Every single chapter begins with an epigraph of some sort. Some are attributed, some are not, and some are in non-English languages and untranslated, as though even George Eliot knew we don't pay attention to them anyway. I don't know, maybe you do, but to me they feel so disjointed. They're not actually part of the text and I assume they allude to it in some way, but I'm just not going to go back to each one after reading the chapter so I can say, "Ah yes, now I see why she chose this." Honestly, I don't really see the point of using these, especially at the start of every single chapter.

My third and final criticism is that I'm just not convinced it was necessary for the book to be this long. I suspect I might be wrong in this. I think I just expected it to be more...epic? My view may be based more on the length it time it to me to read than the actual length of the book.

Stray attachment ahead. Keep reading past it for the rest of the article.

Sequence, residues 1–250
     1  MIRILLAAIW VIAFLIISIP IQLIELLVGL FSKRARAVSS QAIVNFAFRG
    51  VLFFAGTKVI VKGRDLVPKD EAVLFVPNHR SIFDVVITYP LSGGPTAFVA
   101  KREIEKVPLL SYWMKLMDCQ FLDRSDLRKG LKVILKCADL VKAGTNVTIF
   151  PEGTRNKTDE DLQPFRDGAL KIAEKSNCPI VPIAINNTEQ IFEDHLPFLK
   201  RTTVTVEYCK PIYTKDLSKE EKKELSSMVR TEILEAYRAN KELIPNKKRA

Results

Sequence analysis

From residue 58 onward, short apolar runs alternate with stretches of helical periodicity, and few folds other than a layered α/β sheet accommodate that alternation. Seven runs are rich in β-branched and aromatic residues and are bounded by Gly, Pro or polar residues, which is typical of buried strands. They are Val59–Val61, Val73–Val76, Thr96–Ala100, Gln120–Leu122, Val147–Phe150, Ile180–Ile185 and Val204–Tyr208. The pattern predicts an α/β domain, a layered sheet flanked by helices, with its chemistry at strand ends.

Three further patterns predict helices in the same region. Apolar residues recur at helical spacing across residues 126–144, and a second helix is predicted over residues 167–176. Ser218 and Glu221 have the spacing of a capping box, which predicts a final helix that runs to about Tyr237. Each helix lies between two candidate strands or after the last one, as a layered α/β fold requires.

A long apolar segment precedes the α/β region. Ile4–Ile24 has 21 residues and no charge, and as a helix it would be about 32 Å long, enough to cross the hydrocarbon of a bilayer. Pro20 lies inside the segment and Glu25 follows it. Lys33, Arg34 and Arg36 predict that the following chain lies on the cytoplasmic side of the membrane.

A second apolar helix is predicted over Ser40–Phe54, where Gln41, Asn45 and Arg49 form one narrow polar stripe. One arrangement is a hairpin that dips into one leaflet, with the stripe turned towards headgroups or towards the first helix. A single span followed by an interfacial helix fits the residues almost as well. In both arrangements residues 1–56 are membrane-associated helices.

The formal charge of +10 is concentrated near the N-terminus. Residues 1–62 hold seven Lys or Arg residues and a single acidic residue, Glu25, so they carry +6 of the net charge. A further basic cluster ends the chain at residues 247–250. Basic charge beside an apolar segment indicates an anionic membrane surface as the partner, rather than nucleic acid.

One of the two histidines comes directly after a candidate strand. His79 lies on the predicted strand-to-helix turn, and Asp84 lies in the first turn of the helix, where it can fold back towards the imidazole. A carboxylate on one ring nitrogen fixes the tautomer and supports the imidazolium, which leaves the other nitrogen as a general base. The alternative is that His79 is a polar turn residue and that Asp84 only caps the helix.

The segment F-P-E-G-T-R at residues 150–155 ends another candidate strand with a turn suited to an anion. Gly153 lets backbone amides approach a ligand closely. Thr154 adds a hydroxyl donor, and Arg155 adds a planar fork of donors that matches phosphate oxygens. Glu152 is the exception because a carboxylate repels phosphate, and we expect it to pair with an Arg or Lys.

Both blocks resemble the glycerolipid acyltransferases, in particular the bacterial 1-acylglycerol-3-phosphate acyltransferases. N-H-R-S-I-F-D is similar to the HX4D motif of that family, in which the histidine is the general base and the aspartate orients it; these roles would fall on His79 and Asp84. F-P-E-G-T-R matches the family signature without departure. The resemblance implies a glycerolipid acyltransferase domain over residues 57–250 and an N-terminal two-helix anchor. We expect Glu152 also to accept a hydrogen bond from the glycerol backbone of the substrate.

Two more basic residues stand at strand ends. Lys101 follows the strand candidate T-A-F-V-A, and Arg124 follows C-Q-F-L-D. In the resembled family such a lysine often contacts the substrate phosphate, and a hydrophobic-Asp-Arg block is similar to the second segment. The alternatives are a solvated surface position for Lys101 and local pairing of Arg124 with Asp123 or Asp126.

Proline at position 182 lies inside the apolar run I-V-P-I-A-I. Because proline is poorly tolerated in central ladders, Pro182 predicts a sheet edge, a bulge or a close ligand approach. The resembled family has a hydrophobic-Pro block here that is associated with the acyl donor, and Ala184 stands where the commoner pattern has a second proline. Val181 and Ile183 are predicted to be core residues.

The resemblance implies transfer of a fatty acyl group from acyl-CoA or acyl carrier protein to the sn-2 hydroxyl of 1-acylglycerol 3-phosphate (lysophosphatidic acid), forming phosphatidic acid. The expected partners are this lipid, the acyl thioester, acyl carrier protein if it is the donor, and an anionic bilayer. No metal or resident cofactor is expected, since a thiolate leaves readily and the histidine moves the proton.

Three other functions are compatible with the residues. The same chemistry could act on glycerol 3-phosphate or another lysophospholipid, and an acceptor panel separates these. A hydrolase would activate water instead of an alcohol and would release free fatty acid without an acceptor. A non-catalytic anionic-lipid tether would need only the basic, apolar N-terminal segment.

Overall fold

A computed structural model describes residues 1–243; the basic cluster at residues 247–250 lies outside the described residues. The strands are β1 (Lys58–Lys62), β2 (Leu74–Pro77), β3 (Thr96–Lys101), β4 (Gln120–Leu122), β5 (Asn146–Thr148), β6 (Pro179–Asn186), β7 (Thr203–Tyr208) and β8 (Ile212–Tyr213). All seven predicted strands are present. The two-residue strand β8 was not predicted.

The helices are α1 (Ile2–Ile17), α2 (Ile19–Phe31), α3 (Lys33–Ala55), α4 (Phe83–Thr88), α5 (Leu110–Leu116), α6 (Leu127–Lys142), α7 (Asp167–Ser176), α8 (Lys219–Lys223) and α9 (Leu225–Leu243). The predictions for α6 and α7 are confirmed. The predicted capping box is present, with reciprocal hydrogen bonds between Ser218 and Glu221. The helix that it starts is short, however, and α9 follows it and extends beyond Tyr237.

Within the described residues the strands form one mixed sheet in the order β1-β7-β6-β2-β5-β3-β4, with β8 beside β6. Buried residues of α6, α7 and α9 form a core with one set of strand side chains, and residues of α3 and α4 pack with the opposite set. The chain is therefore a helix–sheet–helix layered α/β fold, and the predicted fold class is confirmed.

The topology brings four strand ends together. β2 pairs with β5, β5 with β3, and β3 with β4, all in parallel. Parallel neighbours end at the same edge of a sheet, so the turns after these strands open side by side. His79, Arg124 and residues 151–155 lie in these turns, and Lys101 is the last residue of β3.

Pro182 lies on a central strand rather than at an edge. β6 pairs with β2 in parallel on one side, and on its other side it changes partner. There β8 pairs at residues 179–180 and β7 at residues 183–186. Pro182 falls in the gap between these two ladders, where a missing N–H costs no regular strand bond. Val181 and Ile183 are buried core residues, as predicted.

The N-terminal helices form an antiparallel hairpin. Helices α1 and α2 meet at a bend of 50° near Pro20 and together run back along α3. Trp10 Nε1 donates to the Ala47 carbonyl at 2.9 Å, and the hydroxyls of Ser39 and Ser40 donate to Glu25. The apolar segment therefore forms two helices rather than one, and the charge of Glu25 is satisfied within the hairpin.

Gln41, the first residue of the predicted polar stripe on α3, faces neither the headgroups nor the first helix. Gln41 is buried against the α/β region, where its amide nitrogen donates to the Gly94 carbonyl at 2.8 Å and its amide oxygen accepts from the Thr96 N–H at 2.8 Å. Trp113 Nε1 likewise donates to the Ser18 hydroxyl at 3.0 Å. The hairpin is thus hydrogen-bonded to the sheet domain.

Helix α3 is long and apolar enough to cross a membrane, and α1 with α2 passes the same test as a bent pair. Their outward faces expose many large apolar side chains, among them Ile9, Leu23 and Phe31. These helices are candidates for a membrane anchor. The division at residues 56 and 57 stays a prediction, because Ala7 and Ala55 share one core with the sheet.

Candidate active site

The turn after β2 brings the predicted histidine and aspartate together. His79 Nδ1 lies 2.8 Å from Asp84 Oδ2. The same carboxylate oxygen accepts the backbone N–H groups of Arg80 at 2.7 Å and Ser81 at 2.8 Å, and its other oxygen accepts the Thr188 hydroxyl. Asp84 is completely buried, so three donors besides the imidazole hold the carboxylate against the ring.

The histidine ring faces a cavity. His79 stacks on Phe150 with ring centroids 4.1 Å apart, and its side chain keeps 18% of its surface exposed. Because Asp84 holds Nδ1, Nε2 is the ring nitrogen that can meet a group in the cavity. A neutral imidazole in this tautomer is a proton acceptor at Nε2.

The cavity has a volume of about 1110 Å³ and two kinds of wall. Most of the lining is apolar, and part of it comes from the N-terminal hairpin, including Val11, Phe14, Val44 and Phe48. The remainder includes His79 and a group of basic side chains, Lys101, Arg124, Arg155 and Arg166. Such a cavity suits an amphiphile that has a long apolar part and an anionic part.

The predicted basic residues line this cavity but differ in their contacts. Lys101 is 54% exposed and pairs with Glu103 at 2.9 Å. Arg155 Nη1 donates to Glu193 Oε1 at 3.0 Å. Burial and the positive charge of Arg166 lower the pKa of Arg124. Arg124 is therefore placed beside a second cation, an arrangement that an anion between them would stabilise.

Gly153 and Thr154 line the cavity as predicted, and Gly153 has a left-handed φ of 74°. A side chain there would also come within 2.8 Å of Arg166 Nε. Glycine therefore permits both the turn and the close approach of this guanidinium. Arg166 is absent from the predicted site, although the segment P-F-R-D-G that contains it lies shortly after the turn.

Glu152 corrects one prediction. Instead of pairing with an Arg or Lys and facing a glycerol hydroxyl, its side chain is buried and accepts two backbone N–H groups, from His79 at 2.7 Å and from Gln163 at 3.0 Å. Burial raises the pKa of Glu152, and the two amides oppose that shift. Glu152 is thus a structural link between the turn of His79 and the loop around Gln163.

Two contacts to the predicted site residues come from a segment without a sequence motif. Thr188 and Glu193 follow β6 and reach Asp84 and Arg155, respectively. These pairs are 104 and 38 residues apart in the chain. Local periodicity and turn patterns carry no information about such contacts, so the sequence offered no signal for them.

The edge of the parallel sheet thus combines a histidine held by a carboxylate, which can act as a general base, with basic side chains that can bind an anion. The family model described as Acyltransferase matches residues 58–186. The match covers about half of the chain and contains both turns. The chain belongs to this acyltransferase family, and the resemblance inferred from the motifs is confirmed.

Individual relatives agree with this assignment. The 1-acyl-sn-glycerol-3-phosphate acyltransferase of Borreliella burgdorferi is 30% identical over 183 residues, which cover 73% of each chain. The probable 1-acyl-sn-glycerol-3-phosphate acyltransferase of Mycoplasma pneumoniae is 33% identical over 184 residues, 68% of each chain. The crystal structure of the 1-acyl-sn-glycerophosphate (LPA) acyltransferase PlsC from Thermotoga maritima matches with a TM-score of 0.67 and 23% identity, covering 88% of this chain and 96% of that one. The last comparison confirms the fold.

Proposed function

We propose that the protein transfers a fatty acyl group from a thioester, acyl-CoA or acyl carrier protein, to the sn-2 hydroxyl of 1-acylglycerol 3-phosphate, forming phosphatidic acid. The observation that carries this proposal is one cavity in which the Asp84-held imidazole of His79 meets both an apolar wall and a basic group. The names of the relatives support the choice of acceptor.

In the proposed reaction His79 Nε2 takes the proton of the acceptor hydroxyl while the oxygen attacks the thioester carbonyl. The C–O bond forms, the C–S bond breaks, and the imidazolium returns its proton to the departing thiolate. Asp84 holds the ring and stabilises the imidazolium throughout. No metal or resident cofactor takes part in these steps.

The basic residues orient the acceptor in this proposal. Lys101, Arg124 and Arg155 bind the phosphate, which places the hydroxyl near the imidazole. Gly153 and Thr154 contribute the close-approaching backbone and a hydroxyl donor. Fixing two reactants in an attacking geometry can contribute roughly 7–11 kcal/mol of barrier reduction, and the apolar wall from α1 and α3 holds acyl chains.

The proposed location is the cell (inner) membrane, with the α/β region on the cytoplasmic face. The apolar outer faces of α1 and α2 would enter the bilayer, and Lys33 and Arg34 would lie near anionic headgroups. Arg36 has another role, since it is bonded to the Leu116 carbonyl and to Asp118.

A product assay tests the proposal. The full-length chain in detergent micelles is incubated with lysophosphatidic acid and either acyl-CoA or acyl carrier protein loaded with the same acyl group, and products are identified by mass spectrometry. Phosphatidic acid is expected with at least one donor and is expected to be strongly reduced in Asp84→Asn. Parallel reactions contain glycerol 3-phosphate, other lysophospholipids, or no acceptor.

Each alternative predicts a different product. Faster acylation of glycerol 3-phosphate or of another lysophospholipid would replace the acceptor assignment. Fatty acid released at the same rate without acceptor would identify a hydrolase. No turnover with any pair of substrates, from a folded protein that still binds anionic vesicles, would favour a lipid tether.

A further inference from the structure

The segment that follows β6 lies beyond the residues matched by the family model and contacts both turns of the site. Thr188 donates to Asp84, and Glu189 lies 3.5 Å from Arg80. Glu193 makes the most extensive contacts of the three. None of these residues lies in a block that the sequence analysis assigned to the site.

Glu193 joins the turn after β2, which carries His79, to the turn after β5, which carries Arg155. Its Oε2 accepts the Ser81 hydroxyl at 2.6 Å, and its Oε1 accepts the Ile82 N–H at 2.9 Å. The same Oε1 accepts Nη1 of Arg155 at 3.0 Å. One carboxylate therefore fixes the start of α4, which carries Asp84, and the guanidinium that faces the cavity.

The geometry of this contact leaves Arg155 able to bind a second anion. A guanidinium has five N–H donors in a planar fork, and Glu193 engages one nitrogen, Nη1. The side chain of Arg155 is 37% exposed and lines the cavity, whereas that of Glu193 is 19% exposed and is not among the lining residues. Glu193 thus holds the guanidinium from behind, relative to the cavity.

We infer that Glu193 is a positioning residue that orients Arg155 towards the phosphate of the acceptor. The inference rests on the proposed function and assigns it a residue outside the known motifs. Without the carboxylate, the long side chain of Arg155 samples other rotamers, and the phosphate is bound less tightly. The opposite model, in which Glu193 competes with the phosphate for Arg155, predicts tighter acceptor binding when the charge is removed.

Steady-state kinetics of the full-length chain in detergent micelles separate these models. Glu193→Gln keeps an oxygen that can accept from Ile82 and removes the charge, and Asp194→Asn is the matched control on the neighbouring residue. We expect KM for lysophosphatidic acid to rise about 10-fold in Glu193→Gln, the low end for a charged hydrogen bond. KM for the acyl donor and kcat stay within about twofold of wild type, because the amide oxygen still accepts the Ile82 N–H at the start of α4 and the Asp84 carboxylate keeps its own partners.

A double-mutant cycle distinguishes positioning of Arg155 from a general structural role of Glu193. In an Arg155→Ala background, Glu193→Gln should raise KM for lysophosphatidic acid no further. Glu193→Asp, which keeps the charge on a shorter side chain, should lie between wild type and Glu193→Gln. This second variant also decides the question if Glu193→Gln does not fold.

Otherwise, I did like the story.  I was thankful for the moments of humor that occurred now and then. From describing someone as "superfluously tall" to the scenes in which Dorothea's sister assumes everyone else is as obsessed with her new baby as she is, the lighthearted moments were a nice break from what is primarily a pretty serious novel.

I tend to like stories about domestic life in small English villages, pretty much in any time period. I liked the complexities and frustrations of the various marriage situations, and I appreciate the difficult position of the women in that time period. While I didn't love it, I did like it enough that I might be tempted to read some of Eliot's other works someday.